You might have noticed in “Introduction to Optical Fibers and Fiber Optics“, we used the term light pipe to describe an optical fiber. An optical fiber transmitting light can be analogous to pipe carrying water. Daniel Colladon and Jacques Babinet demonstrated the guiding of light by refraction in 1840 in Paris. Guiding of light by refraction is the basic principle of fiber optic communication.
Daniel Colladron mentioned about “light pipe” or “light fountain” in an article about his study of behavior of light rays inside a parabolic liquid stream. That article was published in 1842. That article titled “On the reflections of a ray of light inside a parabolic liquid stream” he described how light can be confined to follow the shape of its medium. In 1852, John Tyndall demonstrated the behavior of light to obey its medium in London. In his book about the nature of light, John Tyndall wrote about Total Internal Reflection, the underlying principle of fiber optics communication.
In 1880 Alexander Graham Bell and Sumner Tainter demonstrated the working of first Photophone at the Volta Laboratory in Washington, D.C., to transmit voice signals over light beam. At that time the photophone was an advanced form of telecommunications, though subjected to atmospheric interferences.
Clarence Hansell, who was an experimenter in radio and John Logie Baird, who was a pioneer in television demonstrated image transmission through tubes during 1920s. Close internal illumination of mouth in dentistry began in early twentieth century. Dr. Heinrich Lamm used the image fibers for medical examinations. During the 1940s glass optical fibers having a cladding layer were used for imaging purpose. Applications of optical fibers were focused for imaging during that time. Developments in optical fibers were proceeding towards fiber bundles. In 1954, Harold Hopkins and Narinder Singh Kapany published an article in the journal Nature titled “A flexible fiberscope, using static scanning”. Their experiment in Imperial College in London showed the low loss light transmission through 750 millimeters long fiber bundle. In 1956, three researchers at the University of Michigan, Lawrence E. Curtiss, C. Wilbur Peters and Basil Hirschowitz got patent for their fiber optic semi flexible gastroscope that was first of its kind. The development process of this gastroscope witnessed the development of first glass clad optical fibers. Until then cladding materials were impractical oils and waxes that had lower refractive index than core glass material. The invention of semi flexible gastroscope triggered developments in optical fibers especially in imaging techniques.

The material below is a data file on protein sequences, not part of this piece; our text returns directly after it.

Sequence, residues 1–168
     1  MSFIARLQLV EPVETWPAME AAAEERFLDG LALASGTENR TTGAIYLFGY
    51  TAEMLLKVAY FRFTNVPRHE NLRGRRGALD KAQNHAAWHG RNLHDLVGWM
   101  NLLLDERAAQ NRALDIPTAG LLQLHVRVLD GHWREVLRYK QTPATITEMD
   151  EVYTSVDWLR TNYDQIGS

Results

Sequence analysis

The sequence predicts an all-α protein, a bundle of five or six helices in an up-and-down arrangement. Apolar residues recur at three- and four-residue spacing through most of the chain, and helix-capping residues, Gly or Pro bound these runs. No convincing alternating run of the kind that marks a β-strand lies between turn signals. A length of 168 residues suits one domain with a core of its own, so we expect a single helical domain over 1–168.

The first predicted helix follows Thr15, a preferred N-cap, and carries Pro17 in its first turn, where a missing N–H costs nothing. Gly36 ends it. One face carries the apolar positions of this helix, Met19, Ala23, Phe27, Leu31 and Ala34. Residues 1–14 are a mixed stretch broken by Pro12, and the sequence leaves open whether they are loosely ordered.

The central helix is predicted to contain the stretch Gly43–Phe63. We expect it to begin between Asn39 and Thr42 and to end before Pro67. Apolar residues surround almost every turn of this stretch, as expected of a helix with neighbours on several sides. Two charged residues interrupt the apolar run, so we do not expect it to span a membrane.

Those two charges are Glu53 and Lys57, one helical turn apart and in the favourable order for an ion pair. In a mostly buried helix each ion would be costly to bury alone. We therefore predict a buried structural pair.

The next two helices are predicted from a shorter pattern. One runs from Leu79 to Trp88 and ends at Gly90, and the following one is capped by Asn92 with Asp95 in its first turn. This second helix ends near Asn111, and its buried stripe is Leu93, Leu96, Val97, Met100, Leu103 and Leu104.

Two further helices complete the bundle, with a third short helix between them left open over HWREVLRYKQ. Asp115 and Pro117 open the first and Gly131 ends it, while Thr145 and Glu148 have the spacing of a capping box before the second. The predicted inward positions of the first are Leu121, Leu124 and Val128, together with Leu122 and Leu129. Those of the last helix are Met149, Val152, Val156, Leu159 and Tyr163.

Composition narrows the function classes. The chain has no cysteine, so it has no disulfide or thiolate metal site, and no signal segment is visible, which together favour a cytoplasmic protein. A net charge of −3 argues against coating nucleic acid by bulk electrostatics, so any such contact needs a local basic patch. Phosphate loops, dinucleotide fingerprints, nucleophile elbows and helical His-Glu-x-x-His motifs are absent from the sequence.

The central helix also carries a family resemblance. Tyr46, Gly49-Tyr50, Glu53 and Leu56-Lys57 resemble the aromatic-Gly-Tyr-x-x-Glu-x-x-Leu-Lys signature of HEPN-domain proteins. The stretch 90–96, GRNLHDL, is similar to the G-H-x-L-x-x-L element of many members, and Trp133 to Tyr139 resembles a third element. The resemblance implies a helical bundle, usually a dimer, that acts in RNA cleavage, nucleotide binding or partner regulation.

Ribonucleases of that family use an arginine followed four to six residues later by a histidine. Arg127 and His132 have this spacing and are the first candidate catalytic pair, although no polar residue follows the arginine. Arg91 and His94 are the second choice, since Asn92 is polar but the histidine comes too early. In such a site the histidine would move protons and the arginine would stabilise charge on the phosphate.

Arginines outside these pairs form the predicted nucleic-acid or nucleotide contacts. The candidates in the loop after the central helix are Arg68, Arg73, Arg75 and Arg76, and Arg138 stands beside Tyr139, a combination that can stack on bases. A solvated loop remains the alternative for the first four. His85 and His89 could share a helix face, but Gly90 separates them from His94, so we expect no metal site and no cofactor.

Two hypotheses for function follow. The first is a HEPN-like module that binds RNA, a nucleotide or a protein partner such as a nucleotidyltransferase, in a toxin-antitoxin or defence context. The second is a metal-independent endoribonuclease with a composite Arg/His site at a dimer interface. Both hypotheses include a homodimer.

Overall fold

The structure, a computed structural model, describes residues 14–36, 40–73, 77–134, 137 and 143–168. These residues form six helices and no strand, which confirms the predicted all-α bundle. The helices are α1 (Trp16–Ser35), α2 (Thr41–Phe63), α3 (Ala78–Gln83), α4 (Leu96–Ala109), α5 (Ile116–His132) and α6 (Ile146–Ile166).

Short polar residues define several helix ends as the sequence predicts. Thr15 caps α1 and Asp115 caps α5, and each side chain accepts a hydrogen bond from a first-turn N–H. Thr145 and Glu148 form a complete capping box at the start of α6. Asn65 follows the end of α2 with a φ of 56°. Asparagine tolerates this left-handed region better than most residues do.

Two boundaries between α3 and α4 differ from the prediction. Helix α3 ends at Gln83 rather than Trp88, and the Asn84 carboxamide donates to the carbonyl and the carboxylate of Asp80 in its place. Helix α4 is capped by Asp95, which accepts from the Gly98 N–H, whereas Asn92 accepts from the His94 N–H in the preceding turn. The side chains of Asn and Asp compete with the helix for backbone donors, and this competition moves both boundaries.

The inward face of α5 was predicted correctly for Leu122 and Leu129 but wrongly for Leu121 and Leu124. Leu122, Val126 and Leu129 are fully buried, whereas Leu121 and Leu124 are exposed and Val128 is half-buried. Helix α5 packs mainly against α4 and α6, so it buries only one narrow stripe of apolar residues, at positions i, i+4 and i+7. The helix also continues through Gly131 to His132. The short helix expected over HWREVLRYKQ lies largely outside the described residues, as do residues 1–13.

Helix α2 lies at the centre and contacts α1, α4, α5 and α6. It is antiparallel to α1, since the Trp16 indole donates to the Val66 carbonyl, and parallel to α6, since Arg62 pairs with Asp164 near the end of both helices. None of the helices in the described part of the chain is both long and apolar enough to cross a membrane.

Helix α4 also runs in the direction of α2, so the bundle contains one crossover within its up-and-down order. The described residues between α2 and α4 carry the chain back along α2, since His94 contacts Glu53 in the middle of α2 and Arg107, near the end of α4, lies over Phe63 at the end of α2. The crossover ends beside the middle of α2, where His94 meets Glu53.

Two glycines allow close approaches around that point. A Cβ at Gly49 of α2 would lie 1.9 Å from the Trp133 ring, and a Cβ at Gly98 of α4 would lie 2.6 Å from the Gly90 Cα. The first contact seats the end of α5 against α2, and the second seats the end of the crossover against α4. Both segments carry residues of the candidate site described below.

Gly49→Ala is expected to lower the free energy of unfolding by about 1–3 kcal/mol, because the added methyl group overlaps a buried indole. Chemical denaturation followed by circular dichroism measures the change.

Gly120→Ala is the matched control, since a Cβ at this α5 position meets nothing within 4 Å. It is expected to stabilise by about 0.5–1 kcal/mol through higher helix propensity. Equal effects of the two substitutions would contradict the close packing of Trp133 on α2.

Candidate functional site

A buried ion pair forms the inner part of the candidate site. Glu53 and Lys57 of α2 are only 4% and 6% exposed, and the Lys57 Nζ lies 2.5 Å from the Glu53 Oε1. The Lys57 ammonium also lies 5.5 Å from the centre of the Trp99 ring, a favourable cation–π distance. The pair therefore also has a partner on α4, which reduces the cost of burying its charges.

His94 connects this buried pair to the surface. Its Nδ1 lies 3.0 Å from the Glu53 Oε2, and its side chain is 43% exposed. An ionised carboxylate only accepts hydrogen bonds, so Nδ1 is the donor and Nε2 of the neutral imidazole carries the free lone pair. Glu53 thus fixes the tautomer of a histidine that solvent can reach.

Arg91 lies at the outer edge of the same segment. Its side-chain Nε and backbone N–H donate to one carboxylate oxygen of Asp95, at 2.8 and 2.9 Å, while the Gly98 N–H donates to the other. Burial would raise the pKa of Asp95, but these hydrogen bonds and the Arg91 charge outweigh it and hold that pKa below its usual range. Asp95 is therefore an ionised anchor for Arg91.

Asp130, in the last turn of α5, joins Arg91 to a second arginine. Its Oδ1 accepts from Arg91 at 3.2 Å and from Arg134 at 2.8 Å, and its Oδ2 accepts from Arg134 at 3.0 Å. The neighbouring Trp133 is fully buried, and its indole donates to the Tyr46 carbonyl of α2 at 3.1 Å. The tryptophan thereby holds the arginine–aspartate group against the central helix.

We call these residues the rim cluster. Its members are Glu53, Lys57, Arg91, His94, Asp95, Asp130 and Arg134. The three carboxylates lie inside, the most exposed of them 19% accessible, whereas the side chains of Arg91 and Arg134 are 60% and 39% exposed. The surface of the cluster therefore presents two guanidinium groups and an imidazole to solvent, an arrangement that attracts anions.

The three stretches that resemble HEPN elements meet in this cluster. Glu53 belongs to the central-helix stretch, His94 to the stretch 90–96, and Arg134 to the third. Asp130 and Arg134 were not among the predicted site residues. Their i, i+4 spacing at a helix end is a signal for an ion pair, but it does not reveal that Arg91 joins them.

1963, a Japanese scientist Jun-ichi Nishizawa, who was working with Tohoku University, proposed the use of optical fibers for communications. Nishizawa invented other technologies that lead to the development of graded-index optical fiber as a channel for transmitting light from semiconductor lasers. In 1965 Manfred Borner, a German physicist at Telefunken Research Labs in Ulm demonstrated the working of fiber optic data transmission. He applied to patent this technology in 1966. A major breakthrough in optical communication happened when Charles K Kao and George A. Hockam of Standard Telephones and Cables, a British company proposed and promoted the idea that the attenuation in silica optical glass fibers could be reduced below the 20 dB/km. This proposal gave encouragement to the researchers to achieve low attenuation in optical fiber that would make the optical fibers suitable for telecommunication.
Charles Kao got Nobel Prize in Physics (in 2009) for his discovery. The team proposed and theorized the right methods to reduce attenuation in optical fibers. Apart from scattering loss, impurities in silica optical fibers penalize heavily on attenuation. Kao’s researches towards purifying the glass found success.